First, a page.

I was delighted to see NI21 candidate (and, more importantly from a social point of view, author of “Legacy”) Jayne Olorunda join the Alliance Party last week. She will not be the last to make that transition and help build a united, purposeful Progressive movement.
So, what do “Progressives” actually stand for? That was the perfectly reasonable question posed by one correspondent.
I have some thoughts on that, but I am not sure how many I speak for when I put those thoughts forward. Before I do so, however, I will say one thing about which I am absolutely sure – they must abandon all talk of the “Centre” Ground.
The “Centre” is a no man’s land filled with uncertainty and vagueness. It is a ground with no principles. It exists merely because the extremes exist. Its purpose is merely to balance those extremes rather than take them on. I have no interest in such unclear pointless irrelevance, and nor should anyone else!
Being “Progressive” is not about that at all. It isn’t about being in the middle, but about being out in front. It was in fact summed up by the 2011 Alliance slogan “Leading Change”.
So my thoughts…
As a core principle, “Progressives” regard the future as likely to be better than the past (certainly if we make it so).
“Progressives” prioritise jobs, health and education – but absolutely not nationality.
“Progressives” make no distinction between individuals based on background. They do not believe that any one group has a particular claim on this part of the world.
“Progressives” are untroubled by immigration, believing it on balance to be a good thing, noting particularly that immigration to NI from outside the British Isles is a good sign of how far we have come.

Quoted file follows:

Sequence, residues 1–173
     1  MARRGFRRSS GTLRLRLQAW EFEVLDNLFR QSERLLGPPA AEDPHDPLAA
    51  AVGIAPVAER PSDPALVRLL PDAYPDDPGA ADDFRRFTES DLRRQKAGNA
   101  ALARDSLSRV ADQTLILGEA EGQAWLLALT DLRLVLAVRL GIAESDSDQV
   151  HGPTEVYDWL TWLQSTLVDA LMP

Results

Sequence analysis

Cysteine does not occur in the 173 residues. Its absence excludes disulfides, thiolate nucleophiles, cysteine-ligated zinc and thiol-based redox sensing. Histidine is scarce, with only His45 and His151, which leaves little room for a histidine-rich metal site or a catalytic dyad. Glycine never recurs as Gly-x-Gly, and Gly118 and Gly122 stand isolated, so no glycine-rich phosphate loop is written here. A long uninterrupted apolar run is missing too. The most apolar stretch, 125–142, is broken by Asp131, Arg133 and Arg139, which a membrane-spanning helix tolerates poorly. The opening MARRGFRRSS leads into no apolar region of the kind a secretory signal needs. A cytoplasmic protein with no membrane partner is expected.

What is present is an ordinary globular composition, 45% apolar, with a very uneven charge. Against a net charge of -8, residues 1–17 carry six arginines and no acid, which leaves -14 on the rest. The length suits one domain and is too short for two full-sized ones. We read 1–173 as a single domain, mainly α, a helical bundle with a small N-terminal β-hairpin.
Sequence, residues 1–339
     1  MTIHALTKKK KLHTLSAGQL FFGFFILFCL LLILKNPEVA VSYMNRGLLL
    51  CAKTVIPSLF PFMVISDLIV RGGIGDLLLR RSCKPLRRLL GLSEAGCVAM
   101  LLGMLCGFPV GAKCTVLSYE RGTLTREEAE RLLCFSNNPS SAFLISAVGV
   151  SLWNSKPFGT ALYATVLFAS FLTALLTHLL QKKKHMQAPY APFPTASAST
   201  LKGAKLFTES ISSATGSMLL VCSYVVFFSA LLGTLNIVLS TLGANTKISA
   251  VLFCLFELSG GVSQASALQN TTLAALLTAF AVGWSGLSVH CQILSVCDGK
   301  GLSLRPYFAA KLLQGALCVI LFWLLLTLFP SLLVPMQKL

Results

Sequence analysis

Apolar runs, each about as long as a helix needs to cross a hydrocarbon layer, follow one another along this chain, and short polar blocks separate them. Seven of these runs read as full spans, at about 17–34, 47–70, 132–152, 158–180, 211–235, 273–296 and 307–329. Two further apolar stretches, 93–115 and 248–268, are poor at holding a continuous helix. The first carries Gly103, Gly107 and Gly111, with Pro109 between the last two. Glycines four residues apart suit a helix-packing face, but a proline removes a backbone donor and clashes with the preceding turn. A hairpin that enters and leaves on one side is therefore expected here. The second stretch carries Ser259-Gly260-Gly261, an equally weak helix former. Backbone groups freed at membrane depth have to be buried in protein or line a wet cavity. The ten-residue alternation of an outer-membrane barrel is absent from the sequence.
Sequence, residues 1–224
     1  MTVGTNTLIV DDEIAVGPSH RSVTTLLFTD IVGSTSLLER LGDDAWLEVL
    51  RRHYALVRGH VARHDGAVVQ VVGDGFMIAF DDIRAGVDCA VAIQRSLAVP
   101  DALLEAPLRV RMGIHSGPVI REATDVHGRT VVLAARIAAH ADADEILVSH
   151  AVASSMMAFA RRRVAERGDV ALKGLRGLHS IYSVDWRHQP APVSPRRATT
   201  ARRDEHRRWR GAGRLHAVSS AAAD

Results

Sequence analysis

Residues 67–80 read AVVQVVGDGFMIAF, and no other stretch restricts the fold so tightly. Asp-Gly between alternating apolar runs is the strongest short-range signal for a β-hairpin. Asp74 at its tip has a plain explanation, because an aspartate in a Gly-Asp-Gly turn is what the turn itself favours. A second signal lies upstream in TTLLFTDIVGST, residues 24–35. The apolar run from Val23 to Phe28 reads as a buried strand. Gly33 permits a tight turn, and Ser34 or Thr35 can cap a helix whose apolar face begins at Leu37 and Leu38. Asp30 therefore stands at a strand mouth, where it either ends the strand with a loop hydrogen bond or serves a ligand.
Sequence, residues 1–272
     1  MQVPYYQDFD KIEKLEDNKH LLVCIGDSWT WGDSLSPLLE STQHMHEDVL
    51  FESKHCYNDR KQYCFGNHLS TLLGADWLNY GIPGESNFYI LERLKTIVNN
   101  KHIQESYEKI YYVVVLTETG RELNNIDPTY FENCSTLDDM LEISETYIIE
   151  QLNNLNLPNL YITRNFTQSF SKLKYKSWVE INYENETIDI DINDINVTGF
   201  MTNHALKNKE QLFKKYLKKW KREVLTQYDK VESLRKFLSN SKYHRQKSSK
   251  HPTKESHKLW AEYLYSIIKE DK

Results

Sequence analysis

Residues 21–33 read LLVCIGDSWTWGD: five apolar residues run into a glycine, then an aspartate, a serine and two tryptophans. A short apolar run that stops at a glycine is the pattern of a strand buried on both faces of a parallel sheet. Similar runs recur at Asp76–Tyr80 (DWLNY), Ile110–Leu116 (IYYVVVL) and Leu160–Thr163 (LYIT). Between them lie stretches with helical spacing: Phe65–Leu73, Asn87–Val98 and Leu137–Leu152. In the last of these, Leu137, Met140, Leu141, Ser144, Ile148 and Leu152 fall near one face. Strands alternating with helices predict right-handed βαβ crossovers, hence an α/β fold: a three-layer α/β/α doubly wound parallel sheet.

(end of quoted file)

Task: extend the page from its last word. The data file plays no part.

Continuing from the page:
“Progressives” are pro-EU and quite globalised, noting that solutions to key issues (environment, free trade etc) require organised international responses.
“Progressives” in NI tend to regard their primary identity as “Northern Irish”, but are not nationalistic about this (given the point above).
“Progressives” support integrated education, community relations funding and shared leisure facilities as a priority.
“Progressives” tend to support the arts, noting the correlation between prosperity and strong arts scenes.
“Progressives” tend towards support for greater government revenue (and thus relatively high public spending) but not necessarily higher taxes – broadly supporting water charges, prescription fees and even road tolls and being wary about lower corporation tax.
Notwithstanding their support for the arts, “Progressives” are instinctively wary about public funding for general culture (including minority languages).
“Progressives” tend to support academic selection in the broad sense, but to oppose crude testing at 11.
“Progressives” speak highly of NHS principles but some would not be totally opposed to some charges (see above).
“Progressives” tend to support reform of welfare to promote work and reduce the benefits bill, but to oppose cruder aspects such as caps.
“Progressives” are unflinching in their absolute support for the Rule of Law, and see issues of parades and symbols as solvable only and primarily on that basis.
“Progressives” are future-focused and thus want to move on quickly from the past. Most, however, recognise a managed process is required.
The main point here, for all that, is that “Progressives” are a small third bloc (10% at the last vote count), and cannot afford to split over details. I may not be right about the above tendencies, but the key is to have some principles and base policies to agree on and build around. Most of all, these must be “ahead”, not “in the middle”!